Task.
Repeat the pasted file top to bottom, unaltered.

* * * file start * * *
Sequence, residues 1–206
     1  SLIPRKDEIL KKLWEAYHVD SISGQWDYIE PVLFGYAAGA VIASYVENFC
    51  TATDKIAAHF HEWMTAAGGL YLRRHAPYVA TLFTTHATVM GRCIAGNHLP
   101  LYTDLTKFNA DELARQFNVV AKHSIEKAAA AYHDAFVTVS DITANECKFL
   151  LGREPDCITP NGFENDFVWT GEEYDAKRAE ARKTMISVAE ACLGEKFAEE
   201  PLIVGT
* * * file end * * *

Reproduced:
Sequence, residues 1–206
     1  SLIPRKDEIL KKLWEAYHVD SISGQWDYIE PVLFGYAAGA VIASYVENFC
    51  TATDKIAAHF HEWMTAAGGL YLRRHAPYVA TLFTTHATVM GRCIAGNHLP
   101  LYTDLTKFNA DELARQFNVV AKHSIEKAAA AYHDAFVTVS DITANECKFL
   151  LGREPDCITP NGFENDFVWT GEEYDAKRAE ARKTMISVAE ACLGEKFAEE
   201  PLIVGT